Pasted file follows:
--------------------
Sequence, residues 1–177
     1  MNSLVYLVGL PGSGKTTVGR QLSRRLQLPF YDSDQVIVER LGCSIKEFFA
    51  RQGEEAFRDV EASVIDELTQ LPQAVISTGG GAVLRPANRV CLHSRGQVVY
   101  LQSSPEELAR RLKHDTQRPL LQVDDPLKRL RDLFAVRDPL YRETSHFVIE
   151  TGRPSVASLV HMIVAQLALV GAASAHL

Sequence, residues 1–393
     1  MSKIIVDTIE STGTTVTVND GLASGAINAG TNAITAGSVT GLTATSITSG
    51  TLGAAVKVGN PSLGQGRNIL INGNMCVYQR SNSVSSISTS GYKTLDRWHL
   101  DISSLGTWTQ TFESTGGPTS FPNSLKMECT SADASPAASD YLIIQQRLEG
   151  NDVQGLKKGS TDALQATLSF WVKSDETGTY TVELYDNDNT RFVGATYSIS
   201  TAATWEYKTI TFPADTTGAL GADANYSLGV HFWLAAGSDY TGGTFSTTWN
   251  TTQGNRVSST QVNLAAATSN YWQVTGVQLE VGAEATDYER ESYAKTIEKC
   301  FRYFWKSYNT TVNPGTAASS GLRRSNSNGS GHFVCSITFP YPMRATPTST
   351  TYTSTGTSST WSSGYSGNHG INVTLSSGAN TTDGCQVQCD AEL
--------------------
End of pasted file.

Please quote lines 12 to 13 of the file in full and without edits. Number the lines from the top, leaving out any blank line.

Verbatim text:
   251  TTQGNRVSST QVNLAAATSN YWQVTGVQLE VGAEATDYER ESYAKTIEKC
   301  FRYFWKSYNT TVNPGTAASS GLRRSNSNGS GHFVCSITFP YPMRATPTST